6. From July 1st employees may work part-time from on a reduced hours basis, and still be able to claim job retention scheme for the hours the employee isn't working. For example: if an employee is brought back to work for 2 days per week, this means the employer will pay the full salary for those 2 working days, and still be able to claim 80% of the employees' salary for the other 3 days.
  7. Starting on August, the job retention scheme will still cover 80% of staff wages, but employers will be asked to pay employer national insurance and pension contributions.
  8.  From September on, the furlough support will drop to 70%, with employers expected to contribute the remaining 10%, in addition to the national insurance and pension contributions.
  9.  Lastly, in October, the last month of the job retention scheme will drop again to 60% and employers will be obligated to contribute the other 20% of wages.

These general guidelines will help you get a better idea of what the job retention scheme is and how your business can better manage it.

Job retention scheme requirements  in the UK

Can your business apply for the job retention scheme? If you're a UK organization, you most likely can. Consider whether or not you meet the following requirements:

  • Did you create a PAYE scheme on or before the 19th of March 2020?
  • Did you enrol for a PAYE account online?
  • Do you have a bank account in the United Kingdom?
  • Is your business negatively affected by the coronavirus outbreak?
  • Are you a private organization with no public funding?
  • Do you have the consent of employees to put them on furlough leave?

If your answer to all of these questions is yes, then you are eligible for claiming employees's through the job retention scheme.

This, of course, raises a different issue.

Which of your employees' wages can be claimed through the job retention scheme?

Most of your employees should be eligible to benefit from the job retention scheme. Here's what the eligibility criteria for the job retention scheme looks like.

  • The employee must be on your PAYE payroll
  • Notifications of RTI submissions should be made on or before 19th March 2020
  • A contractual employer-employee relationship must exits

Below is the guidelines particular to each type of contractual relationship.

Which employees can be placed on furlough leave?

Wondering what kind of contracts are covered under the job retention scheme? Here's a quick list.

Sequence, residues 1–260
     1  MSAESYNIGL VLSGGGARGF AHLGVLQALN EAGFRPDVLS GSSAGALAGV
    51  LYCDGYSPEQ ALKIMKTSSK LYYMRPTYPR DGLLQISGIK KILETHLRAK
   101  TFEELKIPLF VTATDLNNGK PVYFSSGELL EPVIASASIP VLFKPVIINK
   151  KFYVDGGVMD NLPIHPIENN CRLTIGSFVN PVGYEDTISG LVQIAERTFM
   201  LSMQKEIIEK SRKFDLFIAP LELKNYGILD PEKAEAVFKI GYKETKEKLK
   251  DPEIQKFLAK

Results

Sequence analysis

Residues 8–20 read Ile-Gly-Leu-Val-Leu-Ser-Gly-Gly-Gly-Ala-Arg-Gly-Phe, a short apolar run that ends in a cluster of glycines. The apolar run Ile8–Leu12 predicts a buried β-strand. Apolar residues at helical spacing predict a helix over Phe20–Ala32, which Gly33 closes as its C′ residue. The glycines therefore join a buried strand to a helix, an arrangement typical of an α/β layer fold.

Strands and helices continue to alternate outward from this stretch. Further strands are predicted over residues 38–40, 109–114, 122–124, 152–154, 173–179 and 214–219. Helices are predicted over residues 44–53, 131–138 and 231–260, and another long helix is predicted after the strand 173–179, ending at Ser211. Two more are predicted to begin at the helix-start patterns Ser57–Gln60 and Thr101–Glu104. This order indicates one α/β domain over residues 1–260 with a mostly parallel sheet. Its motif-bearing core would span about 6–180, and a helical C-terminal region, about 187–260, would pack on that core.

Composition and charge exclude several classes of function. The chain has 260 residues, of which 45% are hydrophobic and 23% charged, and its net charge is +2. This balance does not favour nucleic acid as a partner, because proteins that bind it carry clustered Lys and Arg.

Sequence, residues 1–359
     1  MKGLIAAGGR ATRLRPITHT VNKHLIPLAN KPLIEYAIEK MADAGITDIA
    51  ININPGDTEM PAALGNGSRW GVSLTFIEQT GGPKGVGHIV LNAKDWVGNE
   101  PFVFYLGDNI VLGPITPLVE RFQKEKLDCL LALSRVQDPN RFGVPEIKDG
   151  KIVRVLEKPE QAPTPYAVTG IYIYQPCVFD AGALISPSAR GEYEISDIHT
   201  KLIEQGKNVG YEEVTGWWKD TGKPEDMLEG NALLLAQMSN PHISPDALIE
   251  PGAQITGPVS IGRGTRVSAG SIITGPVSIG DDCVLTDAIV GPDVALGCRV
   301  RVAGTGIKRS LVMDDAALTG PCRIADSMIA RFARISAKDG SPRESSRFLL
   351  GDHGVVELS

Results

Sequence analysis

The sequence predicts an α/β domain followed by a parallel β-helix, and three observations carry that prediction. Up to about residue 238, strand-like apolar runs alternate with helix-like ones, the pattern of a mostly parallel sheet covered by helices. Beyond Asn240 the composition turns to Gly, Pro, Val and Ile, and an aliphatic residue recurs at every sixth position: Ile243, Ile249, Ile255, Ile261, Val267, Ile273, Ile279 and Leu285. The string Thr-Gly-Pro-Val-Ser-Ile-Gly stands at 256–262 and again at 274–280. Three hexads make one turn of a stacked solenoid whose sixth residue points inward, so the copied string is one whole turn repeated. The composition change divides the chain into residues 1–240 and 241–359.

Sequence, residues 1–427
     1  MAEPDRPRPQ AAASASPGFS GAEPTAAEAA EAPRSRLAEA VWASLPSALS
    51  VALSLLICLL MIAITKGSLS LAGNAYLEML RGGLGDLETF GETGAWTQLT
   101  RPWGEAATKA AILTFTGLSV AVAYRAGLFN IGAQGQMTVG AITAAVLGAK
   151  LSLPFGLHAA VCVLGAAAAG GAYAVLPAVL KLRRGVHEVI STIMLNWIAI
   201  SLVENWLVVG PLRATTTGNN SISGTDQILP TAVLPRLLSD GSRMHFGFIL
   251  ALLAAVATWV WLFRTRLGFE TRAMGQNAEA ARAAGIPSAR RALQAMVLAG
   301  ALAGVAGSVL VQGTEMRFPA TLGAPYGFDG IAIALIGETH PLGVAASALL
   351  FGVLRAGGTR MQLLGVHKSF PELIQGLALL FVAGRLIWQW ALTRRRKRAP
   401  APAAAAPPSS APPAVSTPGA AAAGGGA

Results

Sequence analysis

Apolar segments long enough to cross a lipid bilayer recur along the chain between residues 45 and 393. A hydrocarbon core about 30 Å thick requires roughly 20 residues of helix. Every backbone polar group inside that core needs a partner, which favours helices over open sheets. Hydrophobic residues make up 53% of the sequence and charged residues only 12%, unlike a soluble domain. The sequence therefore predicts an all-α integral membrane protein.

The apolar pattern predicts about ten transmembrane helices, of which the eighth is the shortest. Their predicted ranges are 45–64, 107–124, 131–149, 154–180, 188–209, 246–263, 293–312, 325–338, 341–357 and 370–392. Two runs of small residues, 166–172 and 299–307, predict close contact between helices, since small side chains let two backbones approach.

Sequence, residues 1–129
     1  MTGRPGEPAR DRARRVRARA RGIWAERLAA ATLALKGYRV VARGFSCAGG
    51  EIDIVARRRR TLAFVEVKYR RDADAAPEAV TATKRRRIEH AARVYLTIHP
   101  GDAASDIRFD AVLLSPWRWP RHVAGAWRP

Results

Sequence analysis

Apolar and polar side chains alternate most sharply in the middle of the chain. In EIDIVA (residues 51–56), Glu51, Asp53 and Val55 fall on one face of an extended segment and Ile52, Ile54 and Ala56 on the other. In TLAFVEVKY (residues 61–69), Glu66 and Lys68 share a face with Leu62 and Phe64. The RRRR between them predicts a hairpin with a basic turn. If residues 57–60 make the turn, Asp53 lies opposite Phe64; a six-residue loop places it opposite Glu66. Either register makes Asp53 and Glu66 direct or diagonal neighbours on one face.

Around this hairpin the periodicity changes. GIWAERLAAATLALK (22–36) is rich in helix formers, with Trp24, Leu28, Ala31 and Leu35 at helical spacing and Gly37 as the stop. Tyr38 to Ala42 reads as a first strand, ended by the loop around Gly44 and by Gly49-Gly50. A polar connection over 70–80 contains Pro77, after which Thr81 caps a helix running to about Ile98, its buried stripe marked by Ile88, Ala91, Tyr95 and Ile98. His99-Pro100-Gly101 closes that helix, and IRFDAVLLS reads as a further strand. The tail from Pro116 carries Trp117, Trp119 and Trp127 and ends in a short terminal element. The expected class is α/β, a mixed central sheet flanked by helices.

• Any fixed-term employee can be furloughed, however, this is only applicable until the end of their term. If needed you may continue to extend their contract.
  • Full-time, part-time employees and agency workers can be furloughed. This includes agency workers who are under the employment of umbrella companies.
  • Apprentices can be placed on furlough leave, and you can continue to train them during this period.
  • Any officeholder within your organization can be furloughed.
  • Salaried company directors can be placed on furlough leave, along with salaried LLP members. However, the same rules of being on your PAYE payroll apply here. However, anyone who is working specifically for commercial revenue is not eligible for claiming wages through the job retention scheme.
  • Workers under contract to perform personal services may be furloughed.

Duration of furlough leave

Given that the reason for the new job retention scheme is the coronavirus, there is bound to be uncertainty surrounding the duration. However, while the maximum period may be subject to change, the minimum period of furlough leave is set at three weeks.

Annual leave and work furlough: how do you keep track of both?

You want to maximize productivity, and you fear that all this talk of "leave" jeopardizes your business. However, there are several ways around this.

For one, you can encourage your employees to use their holidays during the furlough leave period itself. Secondly, review your contracts to evaluate whether the leave is a necessary part of the agreement.

However, keep in mind that the EU working time directive allows your employees to carry over at least four weeks of unclaimed annual leave on to the next two years.